It is a show of confidence in their identity and the power of journey for Gungor to open doors to styles left untouched by the Christian establishment for decades. With the release of Ghosts Upon The Earth, which received more pre-orders than their distributor could expedite on schedule, Gungor delivers another phenomenal album replete with kingdom creativity.
Despite early albums the band was not completely satisfied with, their acclaim and the clarification of their identity since Beautiful Things seems to have removed any fear of rejection for experimenting. Michael Gungor (lead singer, guitarist) sees Beautiful Things as an album that everyone loved for its honesty but wanted to steer clear of producing a “Beautiful Things, Volume 2” style record. Instead, his desire is the album will find its audience, rather than simply cater to an existing market.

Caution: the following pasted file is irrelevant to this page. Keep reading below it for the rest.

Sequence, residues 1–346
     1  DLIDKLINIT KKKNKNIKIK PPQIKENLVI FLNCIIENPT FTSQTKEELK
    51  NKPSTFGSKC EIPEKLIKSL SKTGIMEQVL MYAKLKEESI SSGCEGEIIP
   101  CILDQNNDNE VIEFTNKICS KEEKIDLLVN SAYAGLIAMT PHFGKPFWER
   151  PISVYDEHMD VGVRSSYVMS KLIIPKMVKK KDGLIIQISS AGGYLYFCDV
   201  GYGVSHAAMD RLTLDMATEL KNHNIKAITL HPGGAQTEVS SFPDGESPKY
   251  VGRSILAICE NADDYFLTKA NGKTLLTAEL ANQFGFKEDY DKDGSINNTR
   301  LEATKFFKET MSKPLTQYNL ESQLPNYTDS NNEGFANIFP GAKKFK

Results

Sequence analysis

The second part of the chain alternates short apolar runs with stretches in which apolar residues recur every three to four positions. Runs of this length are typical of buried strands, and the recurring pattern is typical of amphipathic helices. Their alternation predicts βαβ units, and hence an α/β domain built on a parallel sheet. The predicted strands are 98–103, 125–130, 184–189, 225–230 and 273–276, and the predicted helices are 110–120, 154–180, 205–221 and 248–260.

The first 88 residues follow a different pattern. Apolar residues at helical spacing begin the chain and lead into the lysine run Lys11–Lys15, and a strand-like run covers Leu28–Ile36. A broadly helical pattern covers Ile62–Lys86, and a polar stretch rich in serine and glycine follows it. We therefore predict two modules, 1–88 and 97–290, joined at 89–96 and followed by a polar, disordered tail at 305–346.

The opening track metaphorically paints a fitting soundscape to celebrate the original creative action that brought forth the universe, ambling along minimally before bursting forth with explosions of syncopated sound. The second track, “Brother Moon” seems flavoured by Jonsi’s (of Sigur Ros) 2010 album Go; perhaps a nod to a fellow experimenter and serendipitous musical visionary. Another highlight is, “You Are The Beauty”, which segues through styles from bluegrass to jazz, keeping listeners on the edge of their seat the whole time.
With this album, Gungor continue on a mission to embrace their heritage of diverse and eclectic influences and redeem it just like they articulated in Beautiful Things. Their increased use of natural metaphor, weaves parables like “when death dies, all things live” that explicate their “liturgical post-rock”.